“He’s a natural because he grew up in agriculture, and he went to SUNY-Delhi for agriculture, so he has a background,” says Paula. “He did have some knowledge and the desire to do it. How much of the first planting died?” Gordie comments that 80 percent of that planting back in 1991 was lost. “But farmers persevere. You learn as you go.
The Bells bring in family and friends to help run the shop during the short-but-intense season, making wreaths and drilling trunk holes and carrying trees to people’s cars. Outside, a selection of potted live trees ranges in price from $10 to $100. Paula sets up a couple of trees as a donation spot for hats, scarves and mittens, new or gently used, to be given to Family of Ellenville for distribution. They also participate in Trees for Troops through the non-profit Christmas Spirit Foundation: a national program that collects trees to be sent to military families living on bases, even overseas.
When asked how long a fresh-cut tree will hold its needles, Gordie explains that if it’s taken home and put in hot water immediately, the pitch won’t seal the cut, which would prevent the tree from taking in water. “A lot of places you where buy them, they’re cut in October and November out of Canada, Pennsylvania and North Carolina. Here you cut a fresh tree, and if you never let it go dry, you can leave it up until January or February. We have people who leave them up until Valentine’s Day, but you can’t do that with every tree. We’re still dealing with nature.”
I ask Brian why he chose to follow his father, grandfather and great-grandfather into farming. Brian waxes poetic about his love of being outdoors. “I grew up here working on the farm. And since it’s been in the family for that long, it’s nice to keep the land and work it any which way you can. The Christmas trees have really worked out well for us. It’s fun when people come out. Everybody’s in a good mood because they want to be here. I went to SUNY-Ulster to study in the Geology Department. Wasn’t sure about what I would end up doing. If I wanted to be in that field, I’d have to move out of the area, which I didn’t want to do.”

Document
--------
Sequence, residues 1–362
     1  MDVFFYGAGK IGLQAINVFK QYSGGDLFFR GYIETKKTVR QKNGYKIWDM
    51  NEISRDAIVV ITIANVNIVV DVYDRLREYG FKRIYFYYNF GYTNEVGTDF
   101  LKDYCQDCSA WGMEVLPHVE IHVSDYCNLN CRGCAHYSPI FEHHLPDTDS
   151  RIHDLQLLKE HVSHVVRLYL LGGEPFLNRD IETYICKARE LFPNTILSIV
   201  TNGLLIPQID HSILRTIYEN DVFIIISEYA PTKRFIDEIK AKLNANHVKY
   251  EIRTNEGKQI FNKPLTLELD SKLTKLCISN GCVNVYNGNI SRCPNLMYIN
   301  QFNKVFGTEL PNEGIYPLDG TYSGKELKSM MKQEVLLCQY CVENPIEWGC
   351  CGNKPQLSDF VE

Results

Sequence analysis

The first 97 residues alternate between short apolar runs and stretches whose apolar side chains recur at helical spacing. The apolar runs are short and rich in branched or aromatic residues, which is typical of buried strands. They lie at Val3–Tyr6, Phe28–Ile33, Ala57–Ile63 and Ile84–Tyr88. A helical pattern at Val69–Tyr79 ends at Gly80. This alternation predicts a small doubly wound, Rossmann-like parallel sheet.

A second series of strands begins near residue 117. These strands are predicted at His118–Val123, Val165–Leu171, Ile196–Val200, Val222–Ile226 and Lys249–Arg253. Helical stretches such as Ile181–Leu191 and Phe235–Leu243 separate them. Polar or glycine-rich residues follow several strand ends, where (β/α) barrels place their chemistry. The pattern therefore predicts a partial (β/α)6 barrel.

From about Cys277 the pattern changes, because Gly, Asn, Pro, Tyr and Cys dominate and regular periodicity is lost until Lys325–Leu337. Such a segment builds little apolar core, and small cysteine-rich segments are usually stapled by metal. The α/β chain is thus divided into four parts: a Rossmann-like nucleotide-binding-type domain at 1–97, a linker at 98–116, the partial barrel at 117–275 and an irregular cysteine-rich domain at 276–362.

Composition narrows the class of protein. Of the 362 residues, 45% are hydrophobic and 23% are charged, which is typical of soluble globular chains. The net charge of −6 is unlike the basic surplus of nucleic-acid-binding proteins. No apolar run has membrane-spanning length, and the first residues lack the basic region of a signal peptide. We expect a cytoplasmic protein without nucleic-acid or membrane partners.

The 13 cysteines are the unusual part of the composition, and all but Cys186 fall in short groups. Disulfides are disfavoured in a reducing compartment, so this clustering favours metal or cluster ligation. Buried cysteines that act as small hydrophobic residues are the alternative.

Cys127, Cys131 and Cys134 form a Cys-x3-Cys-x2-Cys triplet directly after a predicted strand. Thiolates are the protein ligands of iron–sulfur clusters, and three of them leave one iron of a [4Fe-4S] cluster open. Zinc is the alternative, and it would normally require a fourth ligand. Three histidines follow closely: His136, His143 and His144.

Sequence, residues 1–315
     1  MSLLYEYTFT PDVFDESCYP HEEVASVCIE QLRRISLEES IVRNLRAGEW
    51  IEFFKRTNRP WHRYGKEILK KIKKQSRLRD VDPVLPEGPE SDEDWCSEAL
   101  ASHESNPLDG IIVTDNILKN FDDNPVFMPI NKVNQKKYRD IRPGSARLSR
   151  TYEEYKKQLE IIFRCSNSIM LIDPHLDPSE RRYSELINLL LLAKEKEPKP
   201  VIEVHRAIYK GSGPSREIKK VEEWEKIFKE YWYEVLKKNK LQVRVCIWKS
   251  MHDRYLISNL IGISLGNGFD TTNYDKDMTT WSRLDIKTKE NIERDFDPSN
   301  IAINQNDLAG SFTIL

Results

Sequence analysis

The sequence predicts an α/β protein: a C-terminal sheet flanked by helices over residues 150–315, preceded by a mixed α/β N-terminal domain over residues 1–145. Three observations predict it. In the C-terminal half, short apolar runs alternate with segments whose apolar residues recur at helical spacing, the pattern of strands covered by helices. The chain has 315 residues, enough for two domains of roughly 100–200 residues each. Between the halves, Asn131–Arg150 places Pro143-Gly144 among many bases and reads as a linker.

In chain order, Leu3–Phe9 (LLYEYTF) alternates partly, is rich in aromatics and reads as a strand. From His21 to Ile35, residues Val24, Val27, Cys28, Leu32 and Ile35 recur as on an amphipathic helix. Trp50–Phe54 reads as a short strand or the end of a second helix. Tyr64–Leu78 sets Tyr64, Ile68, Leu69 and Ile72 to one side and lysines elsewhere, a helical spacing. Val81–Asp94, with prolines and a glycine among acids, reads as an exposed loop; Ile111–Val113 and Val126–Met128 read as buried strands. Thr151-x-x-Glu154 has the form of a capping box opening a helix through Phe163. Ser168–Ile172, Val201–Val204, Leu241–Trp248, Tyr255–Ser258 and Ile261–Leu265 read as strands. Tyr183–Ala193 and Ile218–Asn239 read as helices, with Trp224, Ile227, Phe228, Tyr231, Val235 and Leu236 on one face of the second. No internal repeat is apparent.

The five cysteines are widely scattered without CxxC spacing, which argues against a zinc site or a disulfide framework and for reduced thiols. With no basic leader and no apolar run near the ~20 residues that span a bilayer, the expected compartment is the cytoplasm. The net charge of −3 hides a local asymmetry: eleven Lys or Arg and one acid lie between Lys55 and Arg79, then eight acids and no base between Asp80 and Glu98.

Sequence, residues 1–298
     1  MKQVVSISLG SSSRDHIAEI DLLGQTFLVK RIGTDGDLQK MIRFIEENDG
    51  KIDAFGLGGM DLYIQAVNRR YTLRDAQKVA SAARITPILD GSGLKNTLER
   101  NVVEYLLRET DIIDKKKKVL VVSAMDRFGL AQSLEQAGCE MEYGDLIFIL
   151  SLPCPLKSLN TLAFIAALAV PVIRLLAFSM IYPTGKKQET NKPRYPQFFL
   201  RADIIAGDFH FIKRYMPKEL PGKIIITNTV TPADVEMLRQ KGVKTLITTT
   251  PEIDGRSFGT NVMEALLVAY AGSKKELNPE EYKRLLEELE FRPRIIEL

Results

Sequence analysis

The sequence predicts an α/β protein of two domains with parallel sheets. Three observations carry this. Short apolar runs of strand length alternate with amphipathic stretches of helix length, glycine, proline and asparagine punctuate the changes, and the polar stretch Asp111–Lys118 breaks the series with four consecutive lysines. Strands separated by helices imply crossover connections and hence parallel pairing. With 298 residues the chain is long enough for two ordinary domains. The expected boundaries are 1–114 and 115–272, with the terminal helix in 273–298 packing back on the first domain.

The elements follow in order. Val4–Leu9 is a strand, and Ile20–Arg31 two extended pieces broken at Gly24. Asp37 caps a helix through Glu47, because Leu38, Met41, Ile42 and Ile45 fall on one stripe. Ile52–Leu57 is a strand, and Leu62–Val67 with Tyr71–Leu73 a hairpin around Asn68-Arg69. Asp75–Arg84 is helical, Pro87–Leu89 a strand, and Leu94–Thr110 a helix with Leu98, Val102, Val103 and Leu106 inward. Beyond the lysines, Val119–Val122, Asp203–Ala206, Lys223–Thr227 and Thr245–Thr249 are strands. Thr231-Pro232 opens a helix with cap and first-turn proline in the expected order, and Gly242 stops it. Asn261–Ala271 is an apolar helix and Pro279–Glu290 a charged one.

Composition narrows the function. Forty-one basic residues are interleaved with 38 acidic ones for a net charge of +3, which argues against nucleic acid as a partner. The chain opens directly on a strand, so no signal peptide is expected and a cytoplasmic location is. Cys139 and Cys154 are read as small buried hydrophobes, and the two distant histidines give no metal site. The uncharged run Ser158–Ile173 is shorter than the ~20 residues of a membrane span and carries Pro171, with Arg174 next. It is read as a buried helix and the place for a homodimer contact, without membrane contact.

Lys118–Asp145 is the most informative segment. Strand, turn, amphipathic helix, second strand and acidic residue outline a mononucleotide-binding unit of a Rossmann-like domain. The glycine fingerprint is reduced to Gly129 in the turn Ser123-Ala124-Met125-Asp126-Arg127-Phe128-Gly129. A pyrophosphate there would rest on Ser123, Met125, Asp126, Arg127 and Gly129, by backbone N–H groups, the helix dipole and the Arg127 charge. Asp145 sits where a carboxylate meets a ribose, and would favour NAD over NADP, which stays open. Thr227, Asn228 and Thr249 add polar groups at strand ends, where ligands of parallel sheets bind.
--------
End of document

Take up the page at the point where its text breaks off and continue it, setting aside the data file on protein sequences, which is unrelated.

Brian compares fresh-cut trees to artificial ones. “So many people think an artificial tree is better for the environment, when just the opposite is true. Artificial trees are made in foreign countries in factories that spew out whatever, and it eventually gets thrown into the landfill and sits there for 100 years. Real trees provide oxygen and remove pollen and CO2 from the air. It’s a crop, basically – a long-term crop. Every year we replant right in the same spot.”
I ask how long it was after they planted those first trees before the farm realized a profit or even enabled them to pay the bills. Gordie says, “In the tree business, you’re burying money in the ground for eight to ten years before you see a dime. And then you have to sell for X amount of years to make that up and break even.” Thus the growth of hay and production of topsoil for sale. “And in the ’90s, we still raised heifers and sold a lot of firewood to pay the bills. I’d say it’s 18 to 20 years before you see a profit.”
Still, he says, it’s an ideal sort of life on the farm. “We’re totally private in the valley. A farm is full of pride. We’re proud of what we do. As soon as I open that gate, it’s the closest thing to heaven that I know of.”
The Bells sell trees, roping and wreaths through December 24. Regular hours are Monday through Friday from 9:30 a.m. to dusk, Saturday and Sunday from 8:30 a.m. to dusk and from 8 a.m. to noon on December 24.
Bell’s Christmas Tree Farm, 647 Mettacahonts Road, Accord; (845) 626-7849, http://bellschristmastrees.com.